Riverside House | How I Did It: 49 Years of Recovery, Part 2
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How I Did It: 49 Years of Recovery, Part 2

17 Oct How I Did It: 49 Years of Recovery, Part 2

By Cleveland Bell, Riverside House CEO

After being clean for 49 years and recently getting my 49th medallion for AA, I am asked often HOW I did it. There are so many factors here, and there’s no right or wrong answer. I have my own experience though, and I’ve seen many others walk through the recovery process, so I’ve narrowed it down to the top most important things you can actually DO for recovery.

First, it’s extremely important to make regular meetings a priority in your life and your recovery. In recovery, or anything else in life really, we often find ourselves at a crossroads. We don’t want to go back where we are, but we may lose traction if we aren’t careful. We often get in trouble when we don’t keep going to meetings regularly, but it can get boring hearing the same people give the same testimonies. Even though I have my home group, I’ve found it helpful to change rooms every once in a while. I meet new people and hear new stories, so it keeps meetings from feeling so monotonous. I also look for retreats or workshops I can attend. Expanding this idea of what a meeting is has helped me maintain my sobriety.

Another thing about attending regular meetings is that when I go into an AA or NA room, two things happen. I am reminded and encouraged, two very important things, because we have a tendency to forget. We’re doing better, and we forget how difficult the hard times really were. But when other people who are still struggling every day come into the rooms, it reminds me that I was once there and I can go back there if I don’t keep practicing what I’m learning. So I am reminded of the past and encouraged that I am on the right path. It always takes work though, and it will never automatically happen. You have to stay honest with yourself and others, you have to be open to change, and you have to stay vulnerable.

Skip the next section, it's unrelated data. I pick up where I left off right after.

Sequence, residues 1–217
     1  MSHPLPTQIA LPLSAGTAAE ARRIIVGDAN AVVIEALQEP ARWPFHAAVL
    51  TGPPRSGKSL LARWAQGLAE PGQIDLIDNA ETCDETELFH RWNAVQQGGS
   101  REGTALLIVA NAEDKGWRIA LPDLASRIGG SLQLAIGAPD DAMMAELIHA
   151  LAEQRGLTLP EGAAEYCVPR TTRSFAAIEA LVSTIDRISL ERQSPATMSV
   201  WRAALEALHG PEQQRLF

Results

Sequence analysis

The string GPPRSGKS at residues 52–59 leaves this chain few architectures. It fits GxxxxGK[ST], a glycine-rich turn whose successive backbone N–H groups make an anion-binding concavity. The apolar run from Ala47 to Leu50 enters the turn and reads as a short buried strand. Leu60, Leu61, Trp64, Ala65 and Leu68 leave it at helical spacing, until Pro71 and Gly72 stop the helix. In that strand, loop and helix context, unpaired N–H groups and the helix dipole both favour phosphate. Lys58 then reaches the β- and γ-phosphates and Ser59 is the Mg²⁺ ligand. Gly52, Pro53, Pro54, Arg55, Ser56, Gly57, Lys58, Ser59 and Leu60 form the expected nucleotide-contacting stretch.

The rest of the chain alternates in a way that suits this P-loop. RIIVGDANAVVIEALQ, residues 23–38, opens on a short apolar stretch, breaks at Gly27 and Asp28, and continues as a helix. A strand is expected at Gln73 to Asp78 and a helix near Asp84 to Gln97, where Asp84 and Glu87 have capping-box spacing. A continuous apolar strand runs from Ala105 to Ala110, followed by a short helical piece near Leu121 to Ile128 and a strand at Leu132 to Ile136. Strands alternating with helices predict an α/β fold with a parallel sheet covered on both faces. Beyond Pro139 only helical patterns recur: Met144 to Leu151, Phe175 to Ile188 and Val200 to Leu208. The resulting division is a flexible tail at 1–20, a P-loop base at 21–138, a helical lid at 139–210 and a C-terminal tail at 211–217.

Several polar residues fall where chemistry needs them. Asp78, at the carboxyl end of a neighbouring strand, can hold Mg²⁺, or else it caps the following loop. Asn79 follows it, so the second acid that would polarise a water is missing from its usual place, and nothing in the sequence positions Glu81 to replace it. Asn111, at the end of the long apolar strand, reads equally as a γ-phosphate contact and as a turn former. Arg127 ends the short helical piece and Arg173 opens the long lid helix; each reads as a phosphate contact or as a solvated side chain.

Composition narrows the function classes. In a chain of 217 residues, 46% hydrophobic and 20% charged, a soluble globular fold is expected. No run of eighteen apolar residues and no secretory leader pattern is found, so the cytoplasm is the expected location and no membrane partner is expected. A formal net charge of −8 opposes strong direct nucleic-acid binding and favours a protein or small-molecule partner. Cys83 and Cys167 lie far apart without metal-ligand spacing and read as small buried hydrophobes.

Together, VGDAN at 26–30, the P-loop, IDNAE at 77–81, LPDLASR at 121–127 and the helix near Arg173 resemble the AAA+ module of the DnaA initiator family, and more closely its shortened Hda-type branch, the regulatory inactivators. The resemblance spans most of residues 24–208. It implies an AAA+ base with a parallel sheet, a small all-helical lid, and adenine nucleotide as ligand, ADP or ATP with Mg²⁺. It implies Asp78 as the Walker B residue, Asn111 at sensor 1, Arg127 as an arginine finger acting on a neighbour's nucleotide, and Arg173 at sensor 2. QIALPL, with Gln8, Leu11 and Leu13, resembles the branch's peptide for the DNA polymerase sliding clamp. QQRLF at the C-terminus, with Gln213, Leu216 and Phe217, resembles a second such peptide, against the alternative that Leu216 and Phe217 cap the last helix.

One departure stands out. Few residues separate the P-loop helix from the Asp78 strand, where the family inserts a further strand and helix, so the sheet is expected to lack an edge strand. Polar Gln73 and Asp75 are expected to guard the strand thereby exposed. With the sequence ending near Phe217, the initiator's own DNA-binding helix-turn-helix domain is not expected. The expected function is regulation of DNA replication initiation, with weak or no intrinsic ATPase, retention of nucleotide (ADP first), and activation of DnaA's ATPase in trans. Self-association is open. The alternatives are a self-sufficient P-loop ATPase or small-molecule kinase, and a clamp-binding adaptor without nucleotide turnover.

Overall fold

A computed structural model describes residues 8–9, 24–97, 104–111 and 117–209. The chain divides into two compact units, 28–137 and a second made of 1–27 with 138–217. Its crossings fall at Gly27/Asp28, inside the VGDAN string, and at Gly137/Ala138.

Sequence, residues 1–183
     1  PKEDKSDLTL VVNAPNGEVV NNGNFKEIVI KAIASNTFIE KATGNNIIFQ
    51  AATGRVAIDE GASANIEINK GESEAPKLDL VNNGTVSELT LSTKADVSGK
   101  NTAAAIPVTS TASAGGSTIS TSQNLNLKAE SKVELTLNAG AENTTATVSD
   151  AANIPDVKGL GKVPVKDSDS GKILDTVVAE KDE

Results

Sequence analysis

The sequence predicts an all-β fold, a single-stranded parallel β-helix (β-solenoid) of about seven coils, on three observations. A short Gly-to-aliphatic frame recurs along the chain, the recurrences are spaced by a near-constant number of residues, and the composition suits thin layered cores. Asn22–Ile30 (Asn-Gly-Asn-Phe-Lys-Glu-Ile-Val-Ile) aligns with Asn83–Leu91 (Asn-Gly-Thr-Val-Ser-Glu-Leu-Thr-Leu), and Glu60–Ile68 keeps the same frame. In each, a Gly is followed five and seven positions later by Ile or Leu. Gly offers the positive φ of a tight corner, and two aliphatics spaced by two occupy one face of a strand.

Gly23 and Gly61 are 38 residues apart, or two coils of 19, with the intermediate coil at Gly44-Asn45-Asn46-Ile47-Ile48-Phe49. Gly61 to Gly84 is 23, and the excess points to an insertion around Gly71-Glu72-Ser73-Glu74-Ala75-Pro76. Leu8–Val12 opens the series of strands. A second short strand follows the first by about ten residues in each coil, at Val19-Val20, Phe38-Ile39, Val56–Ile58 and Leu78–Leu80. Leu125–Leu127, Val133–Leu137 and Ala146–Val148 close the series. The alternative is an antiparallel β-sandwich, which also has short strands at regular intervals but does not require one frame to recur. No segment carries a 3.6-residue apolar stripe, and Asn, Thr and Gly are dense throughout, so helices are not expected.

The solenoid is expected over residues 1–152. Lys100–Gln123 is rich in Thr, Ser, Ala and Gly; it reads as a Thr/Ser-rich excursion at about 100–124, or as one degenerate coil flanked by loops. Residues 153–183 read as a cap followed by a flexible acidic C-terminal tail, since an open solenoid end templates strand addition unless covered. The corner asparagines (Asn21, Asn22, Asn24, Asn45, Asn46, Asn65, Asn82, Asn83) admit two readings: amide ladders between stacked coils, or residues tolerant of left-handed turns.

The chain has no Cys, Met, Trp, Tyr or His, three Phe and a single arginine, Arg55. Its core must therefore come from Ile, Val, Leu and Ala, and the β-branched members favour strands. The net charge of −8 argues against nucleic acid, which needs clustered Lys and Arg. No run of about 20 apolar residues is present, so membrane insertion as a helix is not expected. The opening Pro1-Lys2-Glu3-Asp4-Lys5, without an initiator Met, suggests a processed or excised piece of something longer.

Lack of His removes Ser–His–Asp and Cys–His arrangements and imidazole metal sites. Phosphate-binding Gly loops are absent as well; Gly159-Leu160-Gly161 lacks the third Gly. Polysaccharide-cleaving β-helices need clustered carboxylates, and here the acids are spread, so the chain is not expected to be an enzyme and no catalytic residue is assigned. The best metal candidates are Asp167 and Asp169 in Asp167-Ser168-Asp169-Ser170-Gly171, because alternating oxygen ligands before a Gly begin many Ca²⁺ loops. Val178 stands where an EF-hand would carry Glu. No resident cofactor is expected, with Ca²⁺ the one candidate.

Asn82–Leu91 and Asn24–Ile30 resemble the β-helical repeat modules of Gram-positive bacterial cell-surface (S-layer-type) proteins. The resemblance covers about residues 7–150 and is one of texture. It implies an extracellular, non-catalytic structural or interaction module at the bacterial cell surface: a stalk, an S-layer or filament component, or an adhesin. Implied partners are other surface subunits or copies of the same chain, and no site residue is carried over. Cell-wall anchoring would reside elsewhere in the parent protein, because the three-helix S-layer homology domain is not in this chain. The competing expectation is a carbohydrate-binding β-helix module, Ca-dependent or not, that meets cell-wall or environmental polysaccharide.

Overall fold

It’s easy to say you’re practicing what you’re learning, but what does that actually mean? For me, one big aspect was, and continues to be, asking for help. Simply going to meetings regularly is a form of asking for help.

In the classic example, think about asking for directions. When traveling with my wife, it is always so hard to stop when I’m not sure where I’m going. Asking for help in any situation is difficult. It becomes difficult when I have to admit that I don’t know something or that I was wrong, then I have to lean on someone else for help. It’s a process. I have to open myself up to feeling uncomfortable or vulnerable. We may never become totally comfortable with this, but the more you do it, the easier it will be. Again, the more you go to meetings, the more you will be comfortable there too.

You will also be more likely to find people to walk through the process with you, especially in these three areas:

  1. Trust. A key component here is that you have to trust others. Again, this takes practice. You also have to learn to use proper discretion. Sometimes, we can be so desperate for help that we dump too much on someone too fast. Instead of doing that, you have to trust the process, trust yourself, and trust others.
  2. Listen. With this process, listening skills are important and something else we must practice. In my experience, people often want to just listen to themselves talk when they really would benefit from listening to the other person they are placing their trust in. Take time to really listen to the questions and understand what the other person is asking before you answer. I know that when I don’t really listen, I tend to come up with my own answers, which is not always accurate.
  3. Hear. Really hear. While listening is important, sometimes it’s more about actually hearing what is said. Oftentimes, the answer I’m looking for is right there. It’s not always some great, deep, dark secret I have to uncover. If I truly listen, I will hear my answer.

I once had a friend named Sarah, and she was one of the first people who I felt really listened to me. She gave me confidence in myself and helped me be more aware that some of the things I had been holding inside were valid.

Learning how to trust yourself and the process, listening to others, and really hearing what they have to say is crucial to recovery. By attending regular meetings, you will find people to help you walk through this journey.

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